In some circumstances and in some forms, silica can be detrimental to the environment, but it can also be beneficial. Despite of all harmful effects of crystalline silica by implementing advanced techniques silica has many applications paving roads, glass making, foundries etc. There are potentially hidden ecological costs associated with improper harvesting of silica.

In conclusion, silica is naturally found in our environment, and what makes it worse are the unforeseen environmental impacts of harvesting them.

Global Demand for Silica

Silica is a chemical compound in different forms, like sand, soil, quartz, and crystalline silica. It is the major ingredient in many industries. And sometimes, it is also found in the human body at a low or high level. A wide range of silica producers and consumers with various consulting engagement results in increased global demand for silica.

Silica occurs in nature in the form of crystalline silica, also known as quartz. This crystalline silica is extraordinarily sharp and fragile. When these crystals shatter, they actually fragment into tiny dust particles, which easily get into the body of humans or animals while respiration. The smaller the fragments produced, the more threat it will be, to the environment and living things around. 

Some of the important uses of silica are:

  • Production of glasses
  • For Sandblasting and making sandpaper 
  • Various types of dishes like glasses and cups.
  • Adhesives glue 
  • Production of many toothpastes 

Silica sand, generally called industrial sand, is the main common variety globally. It was mining for many years and was first put to industrial use even during 3000-5000 BC for metallurgical and glass-making activities.

The key factors driving the global demand for silica :

The increasing uses of silica sand in paving roads, glass making, foundries and coal burning boilers, oil and water filtration, industrial casting, sandblasting, etc., is now catalyzing the global silica sand market.

Additionally, it has an important application in the hydraulic fracturing, where the order for silica sand is increasing significantly in recent years. This can be certified to the profitable qualities of silica sand, like strength, high silica content, and resistance to heat and chemical reactions.

Khaitan Responsibly sources silica sand to meet global demand

Global stocks of silica sand are being used up rapidly than they are being discovered. As the main ingredient for all glass and concrete, silica sand is the basic ingredient of today’s world. The UN estimates that the world currently uses 50 billion tonnes or more of it to construct a wall 27m wide and 27m high around the planet – every year.we extract Silica as a high value byeproduct and valorize lignin to generate steam. This is a major breakthrough in establishing commercial viability for the technology and compete with ethanol produced from other sources.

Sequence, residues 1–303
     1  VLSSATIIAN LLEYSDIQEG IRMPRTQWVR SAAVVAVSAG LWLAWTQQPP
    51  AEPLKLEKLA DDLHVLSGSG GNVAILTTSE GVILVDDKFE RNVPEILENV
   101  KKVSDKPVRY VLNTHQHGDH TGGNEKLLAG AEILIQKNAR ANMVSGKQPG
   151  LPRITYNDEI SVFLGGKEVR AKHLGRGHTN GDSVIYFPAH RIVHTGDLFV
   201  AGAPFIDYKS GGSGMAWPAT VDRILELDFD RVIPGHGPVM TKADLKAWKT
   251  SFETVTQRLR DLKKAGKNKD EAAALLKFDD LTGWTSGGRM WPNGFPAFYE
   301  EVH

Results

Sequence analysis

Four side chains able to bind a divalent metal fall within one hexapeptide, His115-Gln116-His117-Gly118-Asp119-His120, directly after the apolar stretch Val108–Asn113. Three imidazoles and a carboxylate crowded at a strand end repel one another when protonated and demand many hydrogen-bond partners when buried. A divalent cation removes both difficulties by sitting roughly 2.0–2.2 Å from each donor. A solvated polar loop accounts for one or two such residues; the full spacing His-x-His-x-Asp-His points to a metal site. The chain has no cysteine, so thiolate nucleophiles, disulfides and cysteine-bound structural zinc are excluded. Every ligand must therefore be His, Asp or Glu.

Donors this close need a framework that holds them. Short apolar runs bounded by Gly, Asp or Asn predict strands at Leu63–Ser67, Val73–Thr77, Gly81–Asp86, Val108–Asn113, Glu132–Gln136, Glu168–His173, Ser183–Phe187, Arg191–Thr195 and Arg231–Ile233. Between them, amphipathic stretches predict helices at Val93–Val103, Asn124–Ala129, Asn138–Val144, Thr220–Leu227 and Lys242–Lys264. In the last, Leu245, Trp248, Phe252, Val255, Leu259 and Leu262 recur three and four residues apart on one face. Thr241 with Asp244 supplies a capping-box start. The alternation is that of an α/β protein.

Oil and gas industries fuel silica markets

Silica consists of the earth crust’s most abundant elements: silicon and oxygen. Silica has various crystalline forms, such as fibrous, granular, anhydrous, tridymite, cristobalite, and quartz. Quartz is the next most mineral found in the earth’s crust.  

Silica deposits undergo extensive processing before the sale, including cleaning, washing, scrubbing, melting, and grinding to remove impurities and to produce the ideal size distribution of product depending upon end–use. Silica has many end-users and applications across various industries.   

The energy sector is one where increased exploration and production for oil and gas have increased the demand for silica used in the past decade. In hydraulic fracturing, it is widely used as a proppant to hold open fractures to allow oil and gas. Also to flow out of the production and into the excellent bore. Figure 1 shows the United States consumed 100 million tons of industrial sand and gravel in 2017, an increase of 33% from the previous year. This increase was primarily due to increased activity in the oil and gas industry. 

Figure 1: End-uses of silica sand consumption in 2017.


In addition to hydraulic fracturing for oil and gas production, silica serves in many other industries too. Depending upon the types of silica, the uses varies. Following are the few of the major applications  

  • Glass: glass containers, flat glass, automotive glass, fibreglass, and speciality glass 
  • Construction: flooring, roofing, mortars, and speciality blocks of cement 
  • Ceramics: glossier products and applications that need good thermal resistance
  • Foundries: highway and construction use, aggregate substitutes, and manufactured soils
  • Chemicals: Polymers, personal care products, industrial cleaners, fibre optics 

Global Silica Sand Industry Drivers:

  • The glass market is facing high growth as a result of increased demand from the construction industry, increasing automotive production or sales, mounting per capita income, and technological improvements. Along this, rising trends such as increasing usage of the hybrid guide plate, solar powered glazing for automotive and building glasses, flimsy glazing glass, and new launch of flat glass are also contributing towards the extension of of the glass industry boosting the demand for silica sand.
  • Several countries worldwide prefer natural shale gas to reduce their dependence on crude oil. In Shale gas extraction using the hydraulic fracturing process where silica sand is the proppant. As a result, the growth in shale gas production is a reason to widen the demand for silica sand. 
  • Upcoming industrial projects in different nations expects to accelerate the manufacturing industry, thereby adding up the need for silica across different sections. Tour Triangle and the ASVEL arena(France) are forecasted to support the silica sand market growth.